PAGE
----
(A) Intensity perturbation and (B) chemical shift perturbation of 15N-lysin (100 μM) in the presence of FITZAP-8D (100 μM) under both intracellular (150 mM) and seawater (500 mM) salt conditions, with dotted lines representing the median of each condition. Under intracellular salt concentrations, there is greater intensity perturbation, reflective of greater peak broadening and faster transverse relaxation from increased molecular weight of FITZAP binding lysin. However, despite lower affinity under higher salt concentrations, similar if not greater chemical shift perturbation is observed under seawater ionic strengths. Chemical shift perturbations are observed under fast exchange dynamics (ns-μs scales), while intensity perturbations imply slower dynamics (ms scales), such that this perturbation suggests that lysin-FITZAP are in slower exchange under intracellular salt conditions. Intensity perturbation is reported as mean ± standard error.

Figure 3—figure supplement 1—source data 1

Lysin intensity and chemical shift perturbation by FITZAP binding at differing salt concentrations.

FITZ complex formation is dependent on both FITZAP and the ionic environment.

Dynamic light scattering measurements of lysin with and without equimolar FITZAP-8D at intracellular (150 mM) and seawater (500 mM) salt conditions. Lysin and FITZAP associate into FITZ complexes with mean diameter of ~400 nm only under intracellular salt conditions.

Figure 5 with 1 supplement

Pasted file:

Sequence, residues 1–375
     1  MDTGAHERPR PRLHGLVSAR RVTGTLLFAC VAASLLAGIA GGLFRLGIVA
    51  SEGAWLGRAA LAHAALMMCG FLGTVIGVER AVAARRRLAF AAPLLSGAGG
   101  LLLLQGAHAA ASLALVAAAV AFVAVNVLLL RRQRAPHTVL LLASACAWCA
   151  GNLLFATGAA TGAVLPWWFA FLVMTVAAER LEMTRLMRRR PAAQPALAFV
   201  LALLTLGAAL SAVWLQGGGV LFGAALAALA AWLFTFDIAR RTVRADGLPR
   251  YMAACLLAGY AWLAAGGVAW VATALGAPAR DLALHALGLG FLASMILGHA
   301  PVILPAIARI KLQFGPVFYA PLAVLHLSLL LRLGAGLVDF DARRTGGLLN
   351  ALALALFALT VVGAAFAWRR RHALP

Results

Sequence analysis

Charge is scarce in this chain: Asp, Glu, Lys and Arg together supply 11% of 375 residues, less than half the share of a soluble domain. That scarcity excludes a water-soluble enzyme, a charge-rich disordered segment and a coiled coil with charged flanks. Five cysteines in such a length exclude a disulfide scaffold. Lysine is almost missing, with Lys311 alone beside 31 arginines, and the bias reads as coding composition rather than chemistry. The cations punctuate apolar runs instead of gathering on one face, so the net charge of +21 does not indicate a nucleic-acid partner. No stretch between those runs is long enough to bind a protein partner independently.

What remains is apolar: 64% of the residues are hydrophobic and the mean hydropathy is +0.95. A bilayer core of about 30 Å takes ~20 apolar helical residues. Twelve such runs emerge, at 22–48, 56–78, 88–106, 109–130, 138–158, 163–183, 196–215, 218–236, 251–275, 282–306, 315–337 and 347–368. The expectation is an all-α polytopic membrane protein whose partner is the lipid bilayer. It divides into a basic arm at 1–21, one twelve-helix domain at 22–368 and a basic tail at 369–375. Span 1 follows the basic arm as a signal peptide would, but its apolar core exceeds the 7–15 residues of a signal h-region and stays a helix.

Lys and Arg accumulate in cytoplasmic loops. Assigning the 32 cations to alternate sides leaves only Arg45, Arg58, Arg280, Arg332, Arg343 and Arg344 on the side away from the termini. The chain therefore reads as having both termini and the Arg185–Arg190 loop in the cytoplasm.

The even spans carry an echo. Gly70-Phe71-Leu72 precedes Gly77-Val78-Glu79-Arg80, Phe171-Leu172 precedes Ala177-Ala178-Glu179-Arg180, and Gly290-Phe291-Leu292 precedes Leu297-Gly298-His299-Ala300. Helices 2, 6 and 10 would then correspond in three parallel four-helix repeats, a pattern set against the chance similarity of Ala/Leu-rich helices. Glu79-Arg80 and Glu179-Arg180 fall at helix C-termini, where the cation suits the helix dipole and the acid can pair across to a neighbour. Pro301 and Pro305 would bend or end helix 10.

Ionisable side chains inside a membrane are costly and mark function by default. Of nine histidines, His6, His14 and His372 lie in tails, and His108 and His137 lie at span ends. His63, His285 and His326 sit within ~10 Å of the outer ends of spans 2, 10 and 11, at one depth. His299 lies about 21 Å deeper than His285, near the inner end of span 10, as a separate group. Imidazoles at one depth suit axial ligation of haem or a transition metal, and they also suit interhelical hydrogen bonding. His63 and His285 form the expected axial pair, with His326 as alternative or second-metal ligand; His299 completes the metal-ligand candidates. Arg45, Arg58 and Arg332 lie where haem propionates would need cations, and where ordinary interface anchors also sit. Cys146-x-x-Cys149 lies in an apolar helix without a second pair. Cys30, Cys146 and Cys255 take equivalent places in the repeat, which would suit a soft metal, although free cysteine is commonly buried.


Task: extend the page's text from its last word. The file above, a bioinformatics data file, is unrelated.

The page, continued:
FITZAP interactions with cationic acrosomal proteins within and between species.

(A) Lysin-FITZAP interactions were measured by fluorescence polarization under approximately intracellular salt conditions for all combinations within and between species of red, disk, and green abalone (conspecific interactions are shaded as red, blue, and green, respectively). Low micromolar binding affinities were observed for conspecific interactions of lysin with high-D FITZAP isoforms. (B) Binding affinities between conspecific lysin and FITZAP high-D isoforms are substantially reduced under extracellular seawater conditions. (C) Green sp18 shows tighter binding to conspecific FITZAP-4D compared to FITZAP-1D; however, the relative affinity of sp18 for 4D over 1D (77/22 = 3.5 X) is greater than that of lysin (>100 X), suggesting that sp18 has higher preference for low D isoforms compared to lysin. (n.s. = not significant at p<0.05; n.d. = not determined if anisotropy was not monotonically positive and consistent with single-state binding; Kd reported as mean ± standard error).

Figure 5—figure supplement 1
Test of sequence coevolution between abalone reproductive genes by correlated branch dN/dS.

Comparison of branch dN/dS estimates for all combinations of lysin, VERL, sp18, FITZAP low-D, and FITZAP high-D across the Pacific abalone clade. Based on methods by Clark et al. (2009), correlation between these values was assessed by weighted linear regression, with a significant positive slope suggesting coevolution. Significant correlations were found between lysin-VERL (as in Clark et al., 2009) and in sp18-FITZAP low-D.